Luang Prabang‘s best-known and most visited monastery is centred on a 1560 sǐm that’s considered a classic of local design. Its roofs sweep low to the ground and there’s an idiosyncratic ‘tree of life’ mosaic set on its west exterior wall. Inside, gold stencil work includes dharma wheels on the ceiling and exploits from the life of legendary King Chanthaphanit on the walls. During 1887 when the Black Flag army sacked the rest of the city, Xieng Thong was one of just two temples to be (partially) spared. The Black Flag’s leader, Deo Van Tri, had studied here as a monk earlier in his life and used the desecrated temple as his headquarters during the invasion.
Dotted around the sǐm are several stupas and three compact little chapel halls called hŏr . Hŏr Ɖąi , shaped like a tall tomb, was originally a ‘library’ but now houses a standing Buddha. The other two sport very striking external mirror-shard mosaics depicting local village life and the exploits of Siaw Sawat, a hero from a famous Lao novel. The Hŏr Pa Maan (‘success’ Buddha sanctuary) remains locked except during the week following Pi Mai. The Hŏr Ɖąi Pha Sai-nyàat (reclining Buddha sanctuary) was dubbed La Chapelle Rouge – Red Chapel – by the French. It contains an especially rare reclining Buddha that dates from the construction of the temple. This one-of-a-kind figure has an exquisitely sinuous upper body with a right hand seeming to gesture ‘Oh, whatever!’. The contrastingly rectilinear feet emerge on die-straight legs from beneath monastic robes that curl upward like rocket fumes.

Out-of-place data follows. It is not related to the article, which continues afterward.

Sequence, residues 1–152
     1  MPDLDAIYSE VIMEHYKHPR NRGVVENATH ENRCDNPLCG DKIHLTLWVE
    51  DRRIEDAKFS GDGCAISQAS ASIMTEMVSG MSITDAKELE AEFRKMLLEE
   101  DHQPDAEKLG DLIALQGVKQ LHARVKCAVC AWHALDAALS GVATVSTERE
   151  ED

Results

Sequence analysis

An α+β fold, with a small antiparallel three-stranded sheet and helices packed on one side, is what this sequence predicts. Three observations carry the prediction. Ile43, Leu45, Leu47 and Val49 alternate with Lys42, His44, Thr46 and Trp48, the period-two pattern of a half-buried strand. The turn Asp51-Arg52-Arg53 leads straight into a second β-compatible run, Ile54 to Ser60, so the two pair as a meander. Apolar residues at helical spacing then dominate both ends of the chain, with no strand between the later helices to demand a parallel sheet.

Fronted in especially lavish gilt work, the Hóhng Kép Mîen is a garage for a ceremonial carriage designed to carry the huge golden funeral urns of the Lao royalty. This glittering vehicle is festooned with seven red-tongued naga snakes that contrast amusingly with the prosaic Bridgestone tyres of its undercarriage.